• I have a solar sensor automatic door which I would highly recommend. In the winter, my birds get up after I’ve left for work and are in bed when I get home. My auto door ensures they are safe, but I still go out nightly to check that everyone made it back into the coop.

Feeders & Waterers

  • I have water containers outside the coop (to avoid shavings contamination and moisture in the coop) and feed inside (to deter rodents). There are a number of styles of feeders and waterers that you can purchase (often used) or DIY.
Homemade PVC Feeder
Homemade PVC Feeder

Other Considerations:

  • I recommend having a peaked or sloped roof. The teenagers like to roost on the flat roof on their coop and it’s an annoying nightly ritual to get them down and safely back inside.
  • Having electricity in your coop is a bonus. I have an outdoor extension cord buried in conduit that services two indoor lights, an outdoor light and a plug (handy for using a shop-vac). I don’t use artificial lights to encourage my birds to lay, but I appreciate having lights in the coop.
  • I don’t recommend the use of heat lamps in coops due to the risk of fire.
  • I have a hose bib @15’ from the coop which is great for my twice a year deep coop cleaning and watering the fruit trees in their pen.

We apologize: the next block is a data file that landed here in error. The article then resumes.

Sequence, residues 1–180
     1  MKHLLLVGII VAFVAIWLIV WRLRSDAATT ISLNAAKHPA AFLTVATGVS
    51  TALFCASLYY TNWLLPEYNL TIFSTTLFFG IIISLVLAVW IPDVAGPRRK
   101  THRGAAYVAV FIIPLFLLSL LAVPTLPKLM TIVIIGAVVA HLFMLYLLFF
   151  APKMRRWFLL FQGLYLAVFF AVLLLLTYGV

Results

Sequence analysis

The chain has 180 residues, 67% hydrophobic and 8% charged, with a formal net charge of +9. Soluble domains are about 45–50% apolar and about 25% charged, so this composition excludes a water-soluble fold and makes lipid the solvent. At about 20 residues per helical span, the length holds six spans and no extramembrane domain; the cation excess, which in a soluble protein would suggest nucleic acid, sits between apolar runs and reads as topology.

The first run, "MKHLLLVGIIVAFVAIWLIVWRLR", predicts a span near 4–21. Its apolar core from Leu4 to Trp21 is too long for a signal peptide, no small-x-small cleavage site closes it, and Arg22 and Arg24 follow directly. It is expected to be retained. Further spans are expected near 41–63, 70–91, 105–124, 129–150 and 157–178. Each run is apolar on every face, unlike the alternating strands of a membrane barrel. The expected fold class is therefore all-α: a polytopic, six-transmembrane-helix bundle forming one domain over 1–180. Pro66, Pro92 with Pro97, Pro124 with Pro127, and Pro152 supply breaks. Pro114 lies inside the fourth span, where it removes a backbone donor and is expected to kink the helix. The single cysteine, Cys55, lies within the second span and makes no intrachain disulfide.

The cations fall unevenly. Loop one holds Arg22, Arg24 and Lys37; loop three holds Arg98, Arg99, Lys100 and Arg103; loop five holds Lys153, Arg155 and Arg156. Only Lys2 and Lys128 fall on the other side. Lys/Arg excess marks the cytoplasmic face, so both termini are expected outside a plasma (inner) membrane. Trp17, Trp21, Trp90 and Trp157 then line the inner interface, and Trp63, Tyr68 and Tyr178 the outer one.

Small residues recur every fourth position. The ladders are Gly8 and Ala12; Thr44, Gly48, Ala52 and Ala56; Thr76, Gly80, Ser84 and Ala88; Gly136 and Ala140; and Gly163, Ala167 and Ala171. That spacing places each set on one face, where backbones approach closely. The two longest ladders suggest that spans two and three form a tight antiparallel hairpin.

• I have a metal roof and gutters on my storage shed in my chicken pen that collect rainwater in two 50 gallon cisterns with taps. I use it to clean and fill the waterers. The rainwater dries up in summer and I have to fill them twice over that season with a hose.
  • You will need to provide a year-round, covered dry area for dust bathing.
  • Some people paint the coop interior with marine paint or white wash it to deter external parasites, like mites and lice. If you do use paint make sure to have that completed well before your birds move in as they have sensitive respiratory systems.
  • Chickens need shade and protection from the sun. I picked up two 10’x20’ car shelters that I have tarped to protect them from rain and sun.
  • Having an attractive coop is important, but a bigger consideration is practicality: think about ease of cleaning, wheelbarrow access and opening doors or pop doors for shoveling bedding outside. The easier it is to clean, the more likely you’ll do so on a regular basis.
  • Think about installing a droppings board or collection bins that are accessible from the outside to save time and energy. Here are two different styles of dropping collection systems that can be accessed from the outside. The first one has a droppings box under the roost bars which opens to the outside, and the second has a tray that can be pulled out the entire width of the coop and is at wheelbarrow height.

These are just a few ideas for you to consider and come up with what works for you. You’ll probably make some tweaks along the way to suit your own needs, but they are good starting points.

Featured Photo: Rena & Darren‘s Coop

I have written 35 profiles on different chicken keepers in a series called “Having Chickens Is A Great Way To Meet Your Neighbours”, all of which have photos of their coops. You can find them in the archive by typing ‘neighbour’ or ‘coop’ into the search box.